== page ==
LOST in the Metaverse

October 6, 2022

Online-merge-offline (OMO) is the latest buzzword in business. Leveraging Web3 and blockchain technologies, offline experiences can now be merged with online adventures with boundless possibilities in the metaverse. Rick Woo, Co-Founder of LOST, a Hong Kong-based real-life escape game company, is about to expand into the metaverse and bring an extraordinary OMO experience to players.

LOST, established in 2013, operates physical escape rooms of various themes, in which players use their wit, knowledge, communication skills and elements in the room to discover clues, solve puzzles and riddles, unlock treasure boxes, find missing items and uncover secrets and hints that lead them to the way out within a game session of 45 minutes. It is now operating globally with 14 outlets in Hong Kong, Taiwan, the Philippines, Australia and United Arab Emirates.



In the middle of first row: Rick Woo, Co-Founder of LOST


L.O.S.T. – the Hidden Message

The successful expansion of LOST can be summarized into four verbs: learn (from experience), observe (trends), solve (problems) and think (future).

Woo learnt in the past that cash flow is important for a business and if they can maintain a healthy cash flow in Hong Kong, they can easily survive in other regions where the cost of running a business is lower. He also observed that many participants of team building events would bring their families and friends to LOST outlets during weekends. This inspired him to launch LOST Junior for kids aged 6 to 14. To solve the operational problems posed by the strict Covid measures, he and his team ventured out of their escape rooms and partnered with offices, hotels and schools to tailor make and set up escape game experiences. And with the emergence of the metaverse, Woo started to think about the possibility of creating an OMO business model for his company.




From Real to Virtual

Talking about the metaverse, Woo has a plan. “There are lots of gamification in the metaverse,” he finds. “Currently people’s focus on the metaverse is mainly about land selling, but it is meaningless if no one comes visit. It requires content in the metaverse to attract traffic.” And LOST is strong in content development.

In the real world, each LOST escape room has a theme, which is inspired and designed based on true history stories, legendary myths, well-known fictional characters and incidents with sound and lighting effects. In the metaverse, these themes can be further developed so that players can continue in the virtual world their gaming journeys and fantastical adventures, which are impossible to happen in reality.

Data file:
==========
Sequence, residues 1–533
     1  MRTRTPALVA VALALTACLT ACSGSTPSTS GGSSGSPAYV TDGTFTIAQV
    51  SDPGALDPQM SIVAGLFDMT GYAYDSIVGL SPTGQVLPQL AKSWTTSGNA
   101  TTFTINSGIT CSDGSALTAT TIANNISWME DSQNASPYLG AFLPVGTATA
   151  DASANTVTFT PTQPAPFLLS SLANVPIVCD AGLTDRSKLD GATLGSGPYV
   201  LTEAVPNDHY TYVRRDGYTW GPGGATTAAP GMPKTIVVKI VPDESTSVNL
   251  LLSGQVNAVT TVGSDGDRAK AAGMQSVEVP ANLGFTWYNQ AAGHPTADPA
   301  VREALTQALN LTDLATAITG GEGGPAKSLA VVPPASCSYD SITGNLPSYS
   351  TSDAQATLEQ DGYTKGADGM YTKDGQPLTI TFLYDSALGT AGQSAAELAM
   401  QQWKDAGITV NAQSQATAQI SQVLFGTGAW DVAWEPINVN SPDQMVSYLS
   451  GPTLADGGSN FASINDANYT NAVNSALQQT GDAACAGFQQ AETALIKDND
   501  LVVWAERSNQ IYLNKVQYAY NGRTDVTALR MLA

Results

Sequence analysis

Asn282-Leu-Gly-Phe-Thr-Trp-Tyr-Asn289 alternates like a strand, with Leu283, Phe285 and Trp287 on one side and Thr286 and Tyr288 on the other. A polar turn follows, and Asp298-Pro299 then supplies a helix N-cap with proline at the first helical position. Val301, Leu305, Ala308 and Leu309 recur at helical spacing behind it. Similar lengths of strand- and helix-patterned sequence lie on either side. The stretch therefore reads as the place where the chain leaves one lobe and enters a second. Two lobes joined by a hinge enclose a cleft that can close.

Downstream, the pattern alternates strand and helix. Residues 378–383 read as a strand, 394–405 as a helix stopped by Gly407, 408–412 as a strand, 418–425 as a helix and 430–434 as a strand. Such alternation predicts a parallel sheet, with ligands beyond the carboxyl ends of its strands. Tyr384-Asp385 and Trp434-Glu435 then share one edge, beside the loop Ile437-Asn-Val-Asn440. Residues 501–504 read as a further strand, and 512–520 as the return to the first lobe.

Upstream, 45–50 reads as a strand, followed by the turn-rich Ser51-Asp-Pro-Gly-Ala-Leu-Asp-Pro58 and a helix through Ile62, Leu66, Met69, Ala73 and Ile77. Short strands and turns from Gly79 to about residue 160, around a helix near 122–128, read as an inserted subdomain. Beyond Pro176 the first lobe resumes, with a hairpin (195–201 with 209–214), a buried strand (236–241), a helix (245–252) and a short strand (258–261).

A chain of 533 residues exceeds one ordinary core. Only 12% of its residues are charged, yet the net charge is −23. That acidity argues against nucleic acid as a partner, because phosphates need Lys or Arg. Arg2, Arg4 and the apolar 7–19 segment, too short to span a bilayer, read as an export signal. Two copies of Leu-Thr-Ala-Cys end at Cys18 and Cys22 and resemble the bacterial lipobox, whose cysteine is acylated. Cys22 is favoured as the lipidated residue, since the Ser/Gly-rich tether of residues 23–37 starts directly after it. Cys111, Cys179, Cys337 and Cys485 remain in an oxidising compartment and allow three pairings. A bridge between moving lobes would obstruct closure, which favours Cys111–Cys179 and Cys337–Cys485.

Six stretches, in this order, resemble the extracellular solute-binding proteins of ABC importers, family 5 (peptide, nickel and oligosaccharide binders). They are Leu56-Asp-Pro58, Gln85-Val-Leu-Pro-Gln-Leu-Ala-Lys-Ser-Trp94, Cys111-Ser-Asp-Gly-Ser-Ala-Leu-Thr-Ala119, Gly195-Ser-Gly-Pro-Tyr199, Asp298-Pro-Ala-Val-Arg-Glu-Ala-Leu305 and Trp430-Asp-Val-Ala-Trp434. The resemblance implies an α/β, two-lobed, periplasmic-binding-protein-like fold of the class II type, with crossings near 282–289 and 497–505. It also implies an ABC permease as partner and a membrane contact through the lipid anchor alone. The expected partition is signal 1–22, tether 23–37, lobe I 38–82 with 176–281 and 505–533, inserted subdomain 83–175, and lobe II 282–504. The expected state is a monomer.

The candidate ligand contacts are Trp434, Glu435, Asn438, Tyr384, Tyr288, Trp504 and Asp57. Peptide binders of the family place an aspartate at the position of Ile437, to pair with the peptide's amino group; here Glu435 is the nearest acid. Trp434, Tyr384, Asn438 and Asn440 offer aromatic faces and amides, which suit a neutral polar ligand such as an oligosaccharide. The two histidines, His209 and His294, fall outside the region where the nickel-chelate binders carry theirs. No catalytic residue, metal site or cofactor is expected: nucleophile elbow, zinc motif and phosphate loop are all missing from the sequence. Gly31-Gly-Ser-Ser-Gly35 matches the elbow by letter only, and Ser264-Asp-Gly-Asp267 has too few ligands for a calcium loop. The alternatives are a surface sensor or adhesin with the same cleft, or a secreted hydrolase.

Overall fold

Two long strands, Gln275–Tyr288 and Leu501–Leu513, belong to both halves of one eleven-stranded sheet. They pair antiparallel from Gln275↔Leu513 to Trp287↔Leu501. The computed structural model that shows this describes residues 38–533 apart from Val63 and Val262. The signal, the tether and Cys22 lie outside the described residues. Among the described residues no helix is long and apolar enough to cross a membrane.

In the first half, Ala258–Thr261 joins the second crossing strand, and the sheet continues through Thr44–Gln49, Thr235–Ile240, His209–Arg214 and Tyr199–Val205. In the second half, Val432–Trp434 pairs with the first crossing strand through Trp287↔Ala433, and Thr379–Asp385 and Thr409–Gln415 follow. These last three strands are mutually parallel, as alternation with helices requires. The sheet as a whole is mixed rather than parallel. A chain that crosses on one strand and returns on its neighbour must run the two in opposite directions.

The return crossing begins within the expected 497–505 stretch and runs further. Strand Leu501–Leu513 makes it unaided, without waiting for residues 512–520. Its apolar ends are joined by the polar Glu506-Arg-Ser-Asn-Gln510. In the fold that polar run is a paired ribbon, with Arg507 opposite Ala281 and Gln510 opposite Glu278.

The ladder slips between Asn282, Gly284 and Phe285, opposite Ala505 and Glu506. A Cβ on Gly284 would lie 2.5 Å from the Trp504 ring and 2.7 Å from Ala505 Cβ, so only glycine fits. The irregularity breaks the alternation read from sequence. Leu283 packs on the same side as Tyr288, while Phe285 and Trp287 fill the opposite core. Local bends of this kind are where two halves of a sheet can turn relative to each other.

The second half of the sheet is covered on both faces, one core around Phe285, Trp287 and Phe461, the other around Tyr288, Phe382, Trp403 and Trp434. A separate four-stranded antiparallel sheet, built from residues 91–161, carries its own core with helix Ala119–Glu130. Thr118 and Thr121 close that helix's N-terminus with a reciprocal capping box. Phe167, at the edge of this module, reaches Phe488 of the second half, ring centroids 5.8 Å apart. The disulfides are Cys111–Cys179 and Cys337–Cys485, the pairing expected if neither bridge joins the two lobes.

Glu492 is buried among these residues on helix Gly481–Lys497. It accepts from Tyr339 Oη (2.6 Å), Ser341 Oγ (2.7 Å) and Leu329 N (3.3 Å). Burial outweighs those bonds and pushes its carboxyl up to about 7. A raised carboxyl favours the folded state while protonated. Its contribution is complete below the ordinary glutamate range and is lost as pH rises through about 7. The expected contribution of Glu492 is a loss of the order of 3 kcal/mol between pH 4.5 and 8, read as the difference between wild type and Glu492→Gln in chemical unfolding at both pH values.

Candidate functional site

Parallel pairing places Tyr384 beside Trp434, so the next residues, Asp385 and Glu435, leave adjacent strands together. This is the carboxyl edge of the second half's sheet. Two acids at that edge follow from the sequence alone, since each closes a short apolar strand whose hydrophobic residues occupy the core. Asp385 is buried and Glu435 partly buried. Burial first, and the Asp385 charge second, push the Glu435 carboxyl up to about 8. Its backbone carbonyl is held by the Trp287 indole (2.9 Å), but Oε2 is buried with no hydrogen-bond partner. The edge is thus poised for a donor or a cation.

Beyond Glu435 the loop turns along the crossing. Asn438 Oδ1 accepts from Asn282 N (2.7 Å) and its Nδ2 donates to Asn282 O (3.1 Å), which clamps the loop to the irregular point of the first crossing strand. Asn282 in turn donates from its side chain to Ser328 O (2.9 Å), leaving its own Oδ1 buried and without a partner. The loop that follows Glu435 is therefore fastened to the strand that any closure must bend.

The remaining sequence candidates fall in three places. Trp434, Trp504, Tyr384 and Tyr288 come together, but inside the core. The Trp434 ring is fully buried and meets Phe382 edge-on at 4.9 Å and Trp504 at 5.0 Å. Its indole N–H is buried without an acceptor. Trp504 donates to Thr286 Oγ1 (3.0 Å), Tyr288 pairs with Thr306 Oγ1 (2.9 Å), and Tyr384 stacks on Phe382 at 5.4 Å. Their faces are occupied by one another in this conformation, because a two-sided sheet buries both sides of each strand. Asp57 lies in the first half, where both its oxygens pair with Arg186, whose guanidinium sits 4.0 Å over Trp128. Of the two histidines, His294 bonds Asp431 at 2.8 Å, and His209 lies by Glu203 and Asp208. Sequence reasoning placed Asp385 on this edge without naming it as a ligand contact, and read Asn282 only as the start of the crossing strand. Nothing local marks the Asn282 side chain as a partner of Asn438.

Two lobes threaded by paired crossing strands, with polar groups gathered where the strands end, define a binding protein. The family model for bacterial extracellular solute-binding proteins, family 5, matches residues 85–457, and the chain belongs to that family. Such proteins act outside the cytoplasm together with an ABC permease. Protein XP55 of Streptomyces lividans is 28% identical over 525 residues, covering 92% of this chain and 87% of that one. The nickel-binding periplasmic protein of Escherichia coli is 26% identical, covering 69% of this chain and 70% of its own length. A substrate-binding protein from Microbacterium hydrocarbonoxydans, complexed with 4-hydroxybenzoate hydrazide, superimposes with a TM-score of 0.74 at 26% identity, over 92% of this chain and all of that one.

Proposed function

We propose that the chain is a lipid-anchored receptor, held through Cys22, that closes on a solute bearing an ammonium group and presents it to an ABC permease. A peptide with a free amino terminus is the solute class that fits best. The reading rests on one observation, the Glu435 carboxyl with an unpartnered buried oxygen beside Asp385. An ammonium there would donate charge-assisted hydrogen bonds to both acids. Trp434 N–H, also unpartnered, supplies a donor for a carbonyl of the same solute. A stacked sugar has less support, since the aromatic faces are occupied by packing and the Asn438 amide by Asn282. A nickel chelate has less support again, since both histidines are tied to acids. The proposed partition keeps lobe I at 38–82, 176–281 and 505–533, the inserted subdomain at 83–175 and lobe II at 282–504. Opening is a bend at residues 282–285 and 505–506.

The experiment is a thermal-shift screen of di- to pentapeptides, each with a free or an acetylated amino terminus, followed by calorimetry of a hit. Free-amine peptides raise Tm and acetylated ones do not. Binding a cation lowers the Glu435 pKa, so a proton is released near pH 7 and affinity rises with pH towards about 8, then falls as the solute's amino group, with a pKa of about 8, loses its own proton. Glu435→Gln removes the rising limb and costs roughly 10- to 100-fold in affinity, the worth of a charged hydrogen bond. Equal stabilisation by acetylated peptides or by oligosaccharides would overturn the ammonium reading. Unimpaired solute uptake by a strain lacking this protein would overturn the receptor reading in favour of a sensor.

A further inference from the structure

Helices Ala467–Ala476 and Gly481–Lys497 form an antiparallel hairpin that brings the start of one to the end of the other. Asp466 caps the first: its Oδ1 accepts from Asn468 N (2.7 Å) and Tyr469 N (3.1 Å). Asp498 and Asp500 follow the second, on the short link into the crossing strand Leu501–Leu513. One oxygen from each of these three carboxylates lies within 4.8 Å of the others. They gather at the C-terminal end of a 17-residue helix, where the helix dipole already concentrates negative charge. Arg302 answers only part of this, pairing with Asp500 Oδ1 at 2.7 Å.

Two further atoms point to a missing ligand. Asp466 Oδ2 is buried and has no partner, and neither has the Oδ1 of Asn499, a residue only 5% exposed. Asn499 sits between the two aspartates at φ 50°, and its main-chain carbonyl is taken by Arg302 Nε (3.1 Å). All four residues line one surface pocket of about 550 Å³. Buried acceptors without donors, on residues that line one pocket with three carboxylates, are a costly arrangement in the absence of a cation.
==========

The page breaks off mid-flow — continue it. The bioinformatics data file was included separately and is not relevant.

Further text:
“For example, we have a theme about the Khmer Empire in the 10th century. If a player successfully completes the game in our physical outlet, we can give him or her a key to continue the game in the metaverse,” Woo elaborates. “Instead of buying a ticket to play in our escape rooms, a player can purchase non-fungible token (NFT) tools such as an avatar suit or a pair of lava-proof boots to play in the metaverse. They can then sell the tools to other players after they complete the tasks or challenges.” In other words, it creates a “play to earn” economy based on demand, supply, needs and want.




LOST is not Lost

Earlier this year, LOST announced the launch of the world's first pop-up escape game in Decentraland to test the waters. Woo explains, “To me, the two most talked metaverses at the moment, Decentraland and The Sandbox, are like two shopping malls, say, Times Square and IFC. Running our escape games in these virtual ‘shopping malls’ is similar to opening new outlets in the physical world.” But his ultimate goal is to set up a LOST Island, their solely owned blockchain metaverse.

“The existing metaverses require a lot of content generated by other users to attract people. On our LOST Island which will be launched later this year, we can create our own content and have our own crypto,” he continues. “We will also run a LOST coding academy for players to design, create and build their own games and launch on the island.” Woo recognizes that education is important in metaverse adoption. With more players and participants, the “play to earn” and “learn to earn” economy on the island will be more vibrant, and so will LOST Island’s own crypto currency. Just like you go to game centers or theme parks, you are required to buy their tokens to play games there.”

Nonetheless he believes that people need real-life communication and social participation. That is why the physical outlets of LOST will remain one of its key strengths. “Our physical escape rooms will serve as the gateway to our metaverse. We will have helpdesks at our outlets to show people how to continue their adventures on the LOST Island.”

LOST is not lost. Woo has a clear idea and vision for his OMO model. As Web3, blockchains, NFTs and the metaverses become more refined, people can easily hop from one metaverse to another. The possibilities will only be limited by our imagination.

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